Fruit Salad Ale (21 Litres)
This recipe details a very simple method for adding hop character to a brew. “Cascade” and “Amarillo” are hop varieties (generally sourced from North America) with a reputation for producing highly aromatic and intensely flavoured ales. Cascade tends to produce citrus notes while Amarillo will throw passionfruit and rock melon-like characters. Together they make a great combination! Fermenting this brew with active Coopers commercial ale yeast may also add banana like esters, resulting in a beer that can be drunk at a young age with a wonderful blend of fruits wafting from the glass! This brew sits at the lighter end of BJCP Style 10.A. - American Pale Ale.
- 1.7kg Australian Pale Ale
- 1kg Light Dry Malt (2 x 500g)
- 25g Cascade Hop Pellets
- 25g Amarillo hop pellets
- Use Coopers commercial yeast culture or kit yeast
- Dextrose Corn Sugar or Carbonation Drops
- Colour: Gold
- Body: Medium
- Bitterness: Medium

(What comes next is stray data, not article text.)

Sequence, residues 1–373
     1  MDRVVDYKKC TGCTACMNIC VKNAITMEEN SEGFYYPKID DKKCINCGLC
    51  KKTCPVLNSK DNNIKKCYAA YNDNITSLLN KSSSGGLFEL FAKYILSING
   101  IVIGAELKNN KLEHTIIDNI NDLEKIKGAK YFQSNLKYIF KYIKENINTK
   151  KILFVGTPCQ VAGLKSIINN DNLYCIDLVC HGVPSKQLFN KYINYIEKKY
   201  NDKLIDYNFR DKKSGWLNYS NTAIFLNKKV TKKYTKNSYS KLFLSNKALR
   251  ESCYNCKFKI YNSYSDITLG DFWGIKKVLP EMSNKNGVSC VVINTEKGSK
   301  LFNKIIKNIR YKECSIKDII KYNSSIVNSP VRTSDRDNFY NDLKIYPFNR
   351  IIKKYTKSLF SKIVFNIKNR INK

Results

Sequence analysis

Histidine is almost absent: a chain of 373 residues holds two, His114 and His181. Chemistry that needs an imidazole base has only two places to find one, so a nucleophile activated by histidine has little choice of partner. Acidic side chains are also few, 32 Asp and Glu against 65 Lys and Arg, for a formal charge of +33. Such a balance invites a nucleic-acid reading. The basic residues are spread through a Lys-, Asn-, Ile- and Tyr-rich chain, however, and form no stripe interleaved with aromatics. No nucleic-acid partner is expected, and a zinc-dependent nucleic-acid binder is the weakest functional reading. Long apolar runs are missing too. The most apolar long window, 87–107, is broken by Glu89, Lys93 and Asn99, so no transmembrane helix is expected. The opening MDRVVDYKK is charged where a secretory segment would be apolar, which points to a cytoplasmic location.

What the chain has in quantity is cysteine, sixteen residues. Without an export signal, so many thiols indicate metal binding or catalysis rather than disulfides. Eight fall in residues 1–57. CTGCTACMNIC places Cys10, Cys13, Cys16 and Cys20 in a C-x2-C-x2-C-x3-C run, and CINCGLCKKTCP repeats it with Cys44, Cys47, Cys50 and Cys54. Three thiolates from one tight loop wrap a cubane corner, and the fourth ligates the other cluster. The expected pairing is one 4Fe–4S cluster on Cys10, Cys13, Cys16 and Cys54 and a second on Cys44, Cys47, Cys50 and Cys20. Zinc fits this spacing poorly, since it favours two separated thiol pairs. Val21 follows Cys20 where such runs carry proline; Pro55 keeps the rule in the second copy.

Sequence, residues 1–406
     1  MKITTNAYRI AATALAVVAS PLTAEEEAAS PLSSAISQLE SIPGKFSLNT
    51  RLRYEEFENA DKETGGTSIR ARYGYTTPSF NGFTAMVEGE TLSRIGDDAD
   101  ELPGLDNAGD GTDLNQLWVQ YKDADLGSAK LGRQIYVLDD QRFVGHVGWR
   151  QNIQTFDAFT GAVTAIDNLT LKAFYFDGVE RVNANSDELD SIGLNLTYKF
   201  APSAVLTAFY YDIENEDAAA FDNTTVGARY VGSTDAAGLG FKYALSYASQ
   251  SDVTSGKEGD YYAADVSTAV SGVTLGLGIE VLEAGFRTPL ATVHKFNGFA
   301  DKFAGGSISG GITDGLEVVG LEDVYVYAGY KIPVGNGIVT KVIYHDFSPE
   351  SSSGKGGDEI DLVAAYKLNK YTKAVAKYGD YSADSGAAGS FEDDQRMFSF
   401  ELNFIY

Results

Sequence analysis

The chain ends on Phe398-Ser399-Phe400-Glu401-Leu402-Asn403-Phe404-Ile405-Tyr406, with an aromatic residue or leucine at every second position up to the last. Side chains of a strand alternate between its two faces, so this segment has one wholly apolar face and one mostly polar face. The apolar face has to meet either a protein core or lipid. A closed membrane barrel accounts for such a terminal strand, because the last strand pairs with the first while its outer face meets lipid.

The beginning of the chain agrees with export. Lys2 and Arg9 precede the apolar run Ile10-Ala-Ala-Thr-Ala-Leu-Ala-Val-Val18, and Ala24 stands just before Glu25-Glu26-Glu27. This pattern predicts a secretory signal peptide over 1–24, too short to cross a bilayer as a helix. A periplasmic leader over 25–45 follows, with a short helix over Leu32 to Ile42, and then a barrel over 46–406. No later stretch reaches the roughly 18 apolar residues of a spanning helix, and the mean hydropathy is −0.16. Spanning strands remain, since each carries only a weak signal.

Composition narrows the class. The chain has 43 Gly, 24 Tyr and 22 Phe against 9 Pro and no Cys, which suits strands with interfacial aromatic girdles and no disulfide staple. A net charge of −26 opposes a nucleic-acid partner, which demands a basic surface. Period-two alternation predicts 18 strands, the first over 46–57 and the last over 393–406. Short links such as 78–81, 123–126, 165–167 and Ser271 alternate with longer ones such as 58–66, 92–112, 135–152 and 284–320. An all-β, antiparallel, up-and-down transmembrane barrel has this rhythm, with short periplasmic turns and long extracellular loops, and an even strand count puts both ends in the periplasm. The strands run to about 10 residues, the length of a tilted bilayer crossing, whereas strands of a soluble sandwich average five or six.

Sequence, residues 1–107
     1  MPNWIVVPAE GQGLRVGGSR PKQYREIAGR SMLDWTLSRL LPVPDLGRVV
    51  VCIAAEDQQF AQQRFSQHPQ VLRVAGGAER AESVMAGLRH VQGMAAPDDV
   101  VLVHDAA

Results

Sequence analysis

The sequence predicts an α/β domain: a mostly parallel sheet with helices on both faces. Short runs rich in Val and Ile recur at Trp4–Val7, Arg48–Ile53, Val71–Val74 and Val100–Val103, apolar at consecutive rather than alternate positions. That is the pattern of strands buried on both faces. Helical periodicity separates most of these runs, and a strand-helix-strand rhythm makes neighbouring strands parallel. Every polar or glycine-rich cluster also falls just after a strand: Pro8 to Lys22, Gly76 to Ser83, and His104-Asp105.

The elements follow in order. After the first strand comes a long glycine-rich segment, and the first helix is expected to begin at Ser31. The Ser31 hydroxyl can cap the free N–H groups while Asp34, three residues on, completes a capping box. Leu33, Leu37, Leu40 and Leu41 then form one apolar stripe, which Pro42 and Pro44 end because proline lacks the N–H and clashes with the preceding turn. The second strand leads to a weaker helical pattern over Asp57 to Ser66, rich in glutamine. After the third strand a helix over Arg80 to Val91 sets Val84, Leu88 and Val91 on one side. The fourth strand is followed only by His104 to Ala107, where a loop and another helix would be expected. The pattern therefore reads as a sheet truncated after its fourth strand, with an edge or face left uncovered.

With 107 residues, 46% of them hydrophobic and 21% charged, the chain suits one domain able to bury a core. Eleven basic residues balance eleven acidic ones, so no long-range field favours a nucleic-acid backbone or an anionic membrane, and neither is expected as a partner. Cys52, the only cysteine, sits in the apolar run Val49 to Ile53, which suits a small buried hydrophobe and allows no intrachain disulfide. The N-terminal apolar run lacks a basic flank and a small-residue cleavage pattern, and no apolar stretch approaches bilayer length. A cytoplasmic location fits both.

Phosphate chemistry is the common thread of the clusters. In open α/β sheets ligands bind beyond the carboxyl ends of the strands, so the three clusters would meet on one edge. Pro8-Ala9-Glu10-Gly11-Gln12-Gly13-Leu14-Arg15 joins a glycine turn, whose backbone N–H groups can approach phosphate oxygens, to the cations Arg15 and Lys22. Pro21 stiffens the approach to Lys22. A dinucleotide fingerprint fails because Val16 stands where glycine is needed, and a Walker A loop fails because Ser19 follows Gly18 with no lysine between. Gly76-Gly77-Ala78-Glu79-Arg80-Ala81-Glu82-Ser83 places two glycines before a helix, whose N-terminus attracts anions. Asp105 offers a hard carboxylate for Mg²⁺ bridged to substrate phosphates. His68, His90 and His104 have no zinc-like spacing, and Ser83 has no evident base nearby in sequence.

- Approx. Alcohol Level: 4.8% ABV
- Naturally Carbonated: Natural
STEP 1: Mix
Make a “hop infusion” by mixing the Cascade and Amarillo hops in a couple of litres of water just taken off the boil and allow it to steep for 30 mins. Add the Light Dry Malt to the fermenting vessel (FV), pour in the strained infusion then pick the FV up immediately and swirl the contents until the malt is dissolved. Mix in the Australian Pale Ale kit. Top up to the 21 litre mark with cold water, stir thoroughly then add the yeast and fit the lid.
STEP 2: Brew
Try to ferment toward 24C (fermenting warmer is more likely to produce fruity esters). Fermentation has finished once the specific gravity is stable over 2 days.
STEP 3: Bottle
We recommend the use of PET bottles or reusable glass bottles designed for storing beer.
Bottle the brew with a priming rate of 8g per litre (2 carbonation drops per 750ml bottle).
STEP 4: Enjoy!
Store the bottles at or above 18C for at least two weeks to allow the secondary fermentation to take place. Expect the alcohol content to be around 4.8% ABV.
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